ASYR 1700 Astronomy Before the Telescope (CRN 25009)
This course will explore the relationship between astronomy, divination and politics in the ancient world. The sky provided ancient cultures with many possibilities for observing occurrences that could be interpreted as omens. In many cultures, celestial omens were directed towards the king and his government. As a result, interpreting and controlling celestial omens became an important political activity. In this course, we will explore how and why astronomical events were used politically in ancient Mesopotamia, the Greco-Roman world, and ancient and medieval China. No prior knowledge of astronomy is necessary for this course.
CLAS 1120Z Literature of Empires* (CRN 24939)
This course compares and contrasts the literatures of the ancient empires of East and West Asia (including the Mediterranean), with an emphasis on Chinese and Greco-Roman cultures. We will explore the literary discourses that grew up in support of and in opposition to imperialism and colonization; specific topics may include how empires use mythology, how tensions between centers and peripheries create imperial identities, how an empire assimilates a multiethnic past, the constitution of archives, and what “classic” means to different audiences. All readings will be in English.
HIST 1835A Unearthing the Body: History, Archaeology, and Biology at the End of Antiquity (CRN 25518)
How was the physical human body imagined, understood, and treated in life and death in the late ancient Mediterranean world? Drawing on evidence from written sources, artistic representations, and archaeological excavations, this class will explore this question by interweaving thematic lectures and student analysis of topics including disease and medicine, famine, asceticism, personal adornment and ideals of beauty, suffering, slavery, and the boundaries between the visible world and the afterlife, in order to understand and interpret the experiences of women, men, and children who lived as individuals—and not just as abstractions—at the end of antiquity. P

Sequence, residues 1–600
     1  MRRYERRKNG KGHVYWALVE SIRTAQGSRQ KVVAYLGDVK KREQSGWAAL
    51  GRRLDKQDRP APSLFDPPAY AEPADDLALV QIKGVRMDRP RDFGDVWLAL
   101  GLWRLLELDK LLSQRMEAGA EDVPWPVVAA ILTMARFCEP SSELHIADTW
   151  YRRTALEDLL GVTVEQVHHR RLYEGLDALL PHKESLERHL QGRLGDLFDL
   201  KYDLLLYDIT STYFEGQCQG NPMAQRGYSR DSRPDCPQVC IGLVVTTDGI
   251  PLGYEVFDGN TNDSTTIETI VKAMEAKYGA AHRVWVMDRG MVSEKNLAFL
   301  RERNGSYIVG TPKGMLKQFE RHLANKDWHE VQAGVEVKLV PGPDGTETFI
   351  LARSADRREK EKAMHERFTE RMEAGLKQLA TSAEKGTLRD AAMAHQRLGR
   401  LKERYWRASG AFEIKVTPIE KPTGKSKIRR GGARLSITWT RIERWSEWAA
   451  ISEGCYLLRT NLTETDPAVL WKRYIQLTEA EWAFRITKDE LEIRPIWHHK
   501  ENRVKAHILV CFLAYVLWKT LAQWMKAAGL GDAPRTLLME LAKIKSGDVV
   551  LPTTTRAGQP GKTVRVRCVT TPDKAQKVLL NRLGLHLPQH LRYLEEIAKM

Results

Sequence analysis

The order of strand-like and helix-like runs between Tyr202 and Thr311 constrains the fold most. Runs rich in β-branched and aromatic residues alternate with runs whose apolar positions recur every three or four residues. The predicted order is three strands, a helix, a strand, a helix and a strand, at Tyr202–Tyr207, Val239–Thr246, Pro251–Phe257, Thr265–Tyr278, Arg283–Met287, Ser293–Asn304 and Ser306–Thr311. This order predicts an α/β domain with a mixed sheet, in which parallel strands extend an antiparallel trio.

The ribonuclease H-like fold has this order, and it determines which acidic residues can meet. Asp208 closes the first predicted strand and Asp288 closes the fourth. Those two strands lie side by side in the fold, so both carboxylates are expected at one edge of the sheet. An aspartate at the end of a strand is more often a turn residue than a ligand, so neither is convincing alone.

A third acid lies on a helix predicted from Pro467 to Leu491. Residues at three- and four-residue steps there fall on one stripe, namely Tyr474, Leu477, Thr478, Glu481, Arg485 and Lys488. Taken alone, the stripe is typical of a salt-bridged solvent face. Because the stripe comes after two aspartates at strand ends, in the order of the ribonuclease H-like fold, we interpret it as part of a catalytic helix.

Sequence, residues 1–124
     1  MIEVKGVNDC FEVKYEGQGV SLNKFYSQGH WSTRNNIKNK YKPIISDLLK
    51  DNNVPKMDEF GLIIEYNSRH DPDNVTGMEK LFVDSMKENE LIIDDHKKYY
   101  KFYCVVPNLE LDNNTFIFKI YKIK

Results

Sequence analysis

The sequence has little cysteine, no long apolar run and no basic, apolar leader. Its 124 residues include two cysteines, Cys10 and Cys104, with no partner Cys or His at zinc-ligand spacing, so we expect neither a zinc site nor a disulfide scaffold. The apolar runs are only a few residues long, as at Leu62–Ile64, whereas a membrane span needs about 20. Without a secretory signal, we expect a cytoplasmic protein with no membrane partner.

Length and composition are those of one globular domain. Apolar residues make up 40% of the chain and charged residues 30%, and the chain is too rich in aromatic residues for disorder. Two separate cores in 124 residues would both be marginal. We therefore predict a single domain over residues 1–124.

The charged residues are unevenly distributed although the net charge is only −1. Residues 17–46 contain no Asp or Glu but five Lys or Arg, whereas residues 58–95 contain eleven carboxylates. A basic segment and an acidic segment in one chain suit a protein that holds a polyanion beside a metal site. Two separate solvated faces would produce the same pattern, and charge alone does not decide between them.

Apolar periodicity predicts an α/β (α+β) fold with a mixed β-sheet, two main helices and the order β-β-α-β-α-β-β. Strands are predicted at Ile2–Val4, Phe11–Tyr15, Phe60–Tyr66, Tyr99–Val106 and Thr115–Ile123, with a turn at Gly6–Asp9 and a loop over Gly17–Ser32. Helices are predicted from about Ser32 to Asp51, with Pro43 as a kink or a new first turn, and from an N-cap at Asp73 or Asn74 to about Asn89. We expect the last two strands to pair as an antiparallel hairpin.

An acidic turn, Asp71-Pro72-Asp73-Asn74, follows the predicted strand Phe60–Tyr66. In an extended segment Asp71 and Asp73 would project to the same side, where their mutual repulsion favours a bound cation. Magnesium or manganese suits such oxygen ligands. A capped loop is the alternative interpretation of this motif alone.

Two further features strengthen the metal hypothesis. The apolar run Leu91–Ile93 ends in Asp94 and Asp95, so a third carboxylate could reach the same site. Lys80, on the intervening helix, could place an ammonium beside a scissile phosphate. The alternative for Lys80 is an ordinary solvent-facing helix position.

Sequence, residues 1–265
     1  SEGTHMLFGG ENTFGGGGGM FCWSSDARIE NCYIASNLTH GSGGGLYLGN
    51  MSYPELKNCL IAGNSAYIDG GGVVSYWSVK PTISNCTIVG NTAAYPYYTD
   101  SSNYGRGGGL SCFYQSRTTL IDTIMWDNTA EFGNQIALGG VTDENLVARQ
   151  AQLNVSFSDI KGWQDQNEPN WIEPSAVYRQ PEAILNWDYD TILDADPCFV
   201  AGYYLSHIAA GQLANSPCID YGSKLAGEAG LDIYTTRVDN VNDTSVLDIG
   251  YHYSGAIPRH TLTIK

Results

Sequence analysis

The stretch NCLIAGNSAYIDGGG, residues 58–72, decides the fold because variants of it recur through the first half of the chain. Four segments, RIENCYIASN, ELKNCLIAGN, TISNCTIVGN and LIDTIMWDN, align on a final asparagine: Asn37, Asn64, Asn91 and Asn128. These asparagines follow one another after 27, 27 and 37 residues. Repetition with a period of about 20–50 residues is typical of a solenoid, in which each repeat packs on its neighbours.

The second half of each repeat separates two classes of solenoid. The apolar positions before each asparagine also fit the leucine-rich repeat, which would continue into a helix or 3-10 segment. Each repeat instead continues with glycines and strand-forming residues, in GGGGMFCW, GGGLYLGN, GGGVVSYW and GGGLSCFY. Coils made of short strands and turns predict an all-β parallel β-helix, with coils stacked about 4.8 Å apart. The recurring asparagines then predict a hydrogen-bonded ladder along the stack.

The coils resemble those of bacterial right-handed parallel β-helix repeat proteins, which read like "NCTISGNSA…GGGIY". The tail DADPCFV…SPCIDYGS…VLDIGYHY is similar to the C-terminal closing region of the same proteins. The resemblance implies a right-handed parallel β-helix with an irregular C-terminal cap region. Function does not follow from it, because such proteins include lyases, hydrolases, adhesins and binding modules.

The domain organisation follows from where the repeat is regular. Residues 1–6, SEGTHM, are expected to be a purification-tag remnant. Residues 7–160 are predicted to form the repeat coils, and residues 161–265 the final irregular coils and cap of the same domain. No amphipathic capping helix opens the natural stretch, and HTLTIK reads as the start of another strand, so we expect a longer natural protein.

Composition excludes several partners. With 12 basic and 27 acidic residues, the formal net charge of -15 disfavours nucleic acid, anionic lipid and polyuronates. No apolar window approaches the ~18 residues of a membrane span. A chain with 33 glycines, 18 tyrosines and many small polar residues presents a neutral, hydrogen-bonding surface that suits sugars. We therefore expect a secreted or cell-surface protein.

JUDS 1002 Targumic Aramaic (CRN 16316)
A systematic study of the grammar of Targumic Aramaic followed by readings from Targum Onqelos to the Book of Exodus. Prerequisite: knowledge of the grammar of a Semitic language (preferably Hebrew). Open to undergraduates and graduate students with the necessary background. Regular attendance and thorough preparation are mandatory for all students in this class. By the end of the semester, we will have translated at least four chapters of the Onqelos Targum to Exodus. This course will serve as a foundation for any further work students intend to do with Aramaic (e.g., Old, Imperial, Biblical, Talmudic).
RELS 2380A Chinese Buddhist Texts (CRN 24229)
Each week we will engage in close reading through translation of Buddhist texts in the original Chinese. Selections will draw from sutras, commentaries, prefaces, colophons, biographies, and Chan literature. The course introduces research methods, major sources, dictionaries, and digital tools, and culminates in a seminar paper demonstrating original research using the tools and methods practiced in class. Prerequisite: Reading competence in classical Chinese.